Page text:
Following in the wake of ‘Hurricane Bertha’, the West Country suffered some pretty miserable weather: the showers were heavy and persistent; the temperature had almost halved from the week before and the winds felt as chilly as those in November. Probably not the best time to choose to go camping then! The week was saved by Friday, which turned out to be bright and warm so Sandymouth beach in North Cornwall – one of my favourites anywhere – was an inspired choice of destination.
The previous nights wind and rain had finally blown away to reveal a freshly scrubbed morning – still a little cloudy, but the light (even at Midday) was more than I could’ve hoped for after a week of flat skies and no shadows.
Sandymouth is a popular spot, but the beach is so big that you can dodge the crowds quite easily.
If you like a rugged English coastline, look no further. The textures and tones of the seaweed, the jagged rocks and the fold lines in the massive cliff faces make Sandymouth an extremely dramatic location.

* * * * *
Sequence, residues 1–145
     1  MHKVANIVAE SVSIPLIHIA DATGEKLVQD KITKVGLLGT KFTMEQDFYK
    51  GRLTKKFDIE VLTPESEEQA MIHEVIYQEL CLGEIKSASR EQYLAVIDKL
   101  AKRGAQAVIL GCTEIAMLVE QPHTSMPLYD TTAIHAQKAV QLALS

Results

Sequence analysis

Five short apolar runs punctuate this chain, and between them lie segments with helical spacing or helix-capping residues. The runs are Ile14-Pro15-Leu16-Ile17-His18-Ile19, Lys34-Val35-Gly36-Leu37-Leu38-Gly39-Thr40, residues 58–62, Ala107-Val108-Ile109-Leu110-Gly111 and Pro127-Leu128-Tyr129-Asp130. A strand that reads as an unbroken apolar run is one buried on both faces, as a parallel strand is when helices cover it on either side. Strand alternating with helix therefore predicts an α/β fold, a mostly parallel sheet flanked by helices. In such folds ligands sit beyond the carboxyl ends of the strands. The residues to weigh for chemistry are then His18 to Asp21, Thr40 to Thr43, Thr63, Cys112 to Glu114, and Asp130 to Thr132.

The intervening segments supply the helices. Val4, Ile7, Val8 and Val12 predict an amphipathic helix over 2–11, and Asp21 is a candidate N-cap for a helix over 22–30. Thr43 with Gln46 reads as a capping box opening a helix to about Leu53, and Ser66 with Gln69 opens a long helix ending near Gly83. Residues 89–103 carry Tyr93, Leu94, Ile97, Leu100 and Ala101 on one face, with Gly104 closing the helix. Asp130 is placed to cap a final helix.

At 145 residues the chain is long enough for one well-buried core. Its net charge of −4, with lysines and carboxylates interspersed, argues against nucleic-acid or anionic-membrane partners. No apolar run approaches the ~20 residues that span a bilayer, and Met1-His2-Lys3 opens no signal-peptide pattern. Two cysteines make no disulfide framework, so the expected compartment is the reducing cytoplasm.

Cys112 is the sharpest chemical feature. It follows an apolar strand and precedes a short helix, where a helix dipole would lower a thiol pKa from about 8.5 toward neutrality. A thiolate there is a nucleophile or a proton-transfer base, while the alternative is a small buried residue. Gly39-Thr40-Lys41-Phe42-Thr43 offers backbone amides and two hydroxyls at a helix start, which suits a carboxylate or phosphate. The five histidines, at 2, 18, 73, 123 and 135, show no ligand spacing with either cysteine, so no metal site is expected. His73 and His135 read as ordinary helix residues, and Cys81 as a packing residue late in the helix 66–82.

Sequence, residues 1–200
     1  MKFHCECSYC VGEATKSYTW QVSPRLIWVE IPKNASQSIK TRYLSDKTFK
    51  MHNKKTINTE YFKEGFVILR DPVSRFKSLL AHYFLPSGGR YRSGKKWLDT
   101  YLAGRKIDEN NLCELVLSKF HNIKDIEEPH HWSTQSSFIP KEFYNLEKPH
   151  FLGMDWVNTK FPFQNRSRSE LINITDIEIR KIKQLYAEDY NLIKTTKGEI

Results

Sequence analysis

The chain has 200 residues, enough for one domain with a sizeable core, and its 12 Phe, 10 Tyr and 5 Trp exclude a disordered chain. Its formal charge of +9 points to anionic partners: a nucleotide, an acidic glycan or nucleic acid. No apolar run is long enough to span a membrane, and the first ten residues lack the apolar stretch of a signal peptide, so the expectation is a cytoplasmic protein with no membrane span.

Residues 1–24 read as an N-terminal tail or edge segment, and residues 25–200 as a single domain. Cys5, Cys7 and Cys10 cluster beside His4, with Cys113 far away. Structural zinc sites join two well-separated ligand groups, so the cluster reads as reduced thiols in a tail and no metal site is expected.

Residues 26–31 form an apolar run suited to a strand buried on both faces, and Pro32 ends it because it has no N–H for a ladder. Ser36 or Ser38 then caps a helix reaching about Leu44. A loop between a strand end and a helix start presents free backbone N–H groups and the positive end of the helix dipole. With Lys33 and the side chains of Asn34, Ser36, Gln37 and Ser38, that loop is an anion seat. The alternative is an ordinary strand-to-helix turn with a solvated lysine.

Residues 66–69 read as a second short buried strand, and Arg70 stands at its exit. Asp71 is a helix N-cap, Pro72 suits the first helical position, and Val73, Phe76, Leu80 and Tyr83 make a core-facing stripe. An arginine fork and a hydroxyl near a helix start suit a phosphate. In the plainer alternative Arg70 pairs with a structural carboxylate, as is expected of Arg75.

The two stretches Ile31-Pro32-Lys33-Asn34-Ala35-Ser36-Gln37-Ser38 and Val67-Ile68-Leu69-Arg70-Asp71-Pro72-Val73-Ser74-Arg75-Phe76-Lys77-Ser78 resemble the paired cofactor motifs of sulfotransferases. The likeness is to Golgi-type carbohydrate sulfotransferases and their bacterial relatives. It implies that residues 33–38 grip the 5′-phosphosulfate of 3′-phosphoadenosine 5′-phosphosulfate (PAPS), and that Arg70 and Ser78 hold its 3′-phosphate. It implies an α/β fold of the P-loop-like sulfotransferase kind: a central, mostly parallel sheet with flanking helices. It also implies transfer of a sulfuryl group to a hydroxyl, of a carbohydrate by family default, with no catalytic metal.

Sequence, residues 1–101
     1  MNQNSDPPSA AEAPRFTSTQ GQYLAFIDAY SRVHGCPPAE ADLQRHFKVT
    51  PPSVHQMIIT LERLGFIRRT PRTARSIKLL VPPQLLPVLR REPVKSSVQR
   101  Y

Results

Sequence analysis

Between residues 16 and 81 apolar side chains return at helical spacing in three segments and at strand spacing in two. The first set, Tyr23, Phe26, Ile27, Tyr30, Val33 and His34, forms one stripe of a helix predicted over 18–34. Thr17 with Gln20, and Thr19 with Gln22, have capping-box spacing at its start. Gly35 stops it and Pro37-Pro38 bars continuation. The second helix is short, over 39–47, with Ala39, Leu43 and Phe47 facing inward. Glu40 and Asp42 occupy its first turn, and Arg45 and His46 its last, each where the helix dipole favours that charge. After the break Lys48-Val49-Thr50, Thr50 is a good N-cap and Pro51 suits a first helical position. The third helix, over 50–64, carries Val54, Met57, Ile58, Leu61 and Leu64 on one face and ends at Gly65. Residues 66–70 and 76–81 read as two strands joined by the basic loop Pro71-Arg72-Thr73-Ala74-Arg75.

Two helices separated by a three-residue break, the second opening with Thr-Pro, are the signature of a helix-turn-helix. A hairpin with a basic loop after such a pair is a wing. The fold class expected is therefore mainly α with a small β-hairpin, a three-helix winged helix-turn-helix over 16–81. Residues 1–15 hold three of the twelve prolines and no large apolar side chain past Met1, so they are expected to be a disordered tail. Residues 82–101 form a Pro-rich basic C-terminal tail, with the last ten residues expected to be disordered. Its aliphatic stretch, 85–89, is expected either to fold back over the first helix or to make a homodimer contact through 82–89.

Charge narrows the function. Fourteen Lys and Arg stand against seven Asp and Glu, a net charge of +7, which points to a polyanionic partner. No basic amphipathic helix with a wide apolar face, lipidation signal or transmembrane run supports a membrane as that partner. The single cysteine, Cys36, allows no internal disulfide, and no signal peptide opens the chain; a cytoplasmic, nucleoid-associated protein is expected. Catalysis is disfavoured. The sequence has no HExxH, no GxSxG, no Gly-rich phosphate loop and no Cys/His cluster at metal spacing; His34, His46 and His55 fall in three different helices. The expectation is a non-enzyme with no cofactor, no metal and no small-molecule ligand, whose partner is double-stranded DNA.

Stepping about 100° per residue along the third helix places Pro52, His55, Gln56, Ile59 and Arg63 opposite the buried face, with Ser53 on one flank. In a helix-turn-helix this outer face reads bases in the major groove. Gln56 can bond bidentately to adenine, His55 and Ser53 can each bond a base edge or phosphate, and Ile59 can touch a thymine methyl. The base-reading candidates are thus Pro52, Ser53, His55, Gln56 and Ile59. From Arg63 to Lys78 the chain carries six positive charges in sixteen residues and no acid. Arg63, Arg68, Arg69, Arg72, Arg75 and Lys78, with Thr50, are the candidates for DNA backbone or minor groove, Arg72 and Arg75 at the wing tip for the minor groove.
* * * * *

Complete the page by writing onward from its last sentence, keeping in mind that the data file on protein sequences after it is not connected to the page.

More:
When the tide recedes, it leaves behind a variety of rockpools, drying seaweed and basking molluscs. Personally, I like Limpets – like little family groups, congregating together on tiny outcrops of rock.
Fridays good weather continued into the evening, and the long journey Eastwards towards home was broken with another night under canvas in darkest Dorset. Thankfully the stars came out to play and put on quite a show.
Images shot on Nikon D3S and Fuji X-Pro1
All photography © Harvey Mills, 2014
Harvey Mills is an award-winning professional photographer, whose portfolio is as diverse as it is extensive. Although a Winchester photographer he works across the UK and beyond, undertaking a variety of commissions, projects and assignments.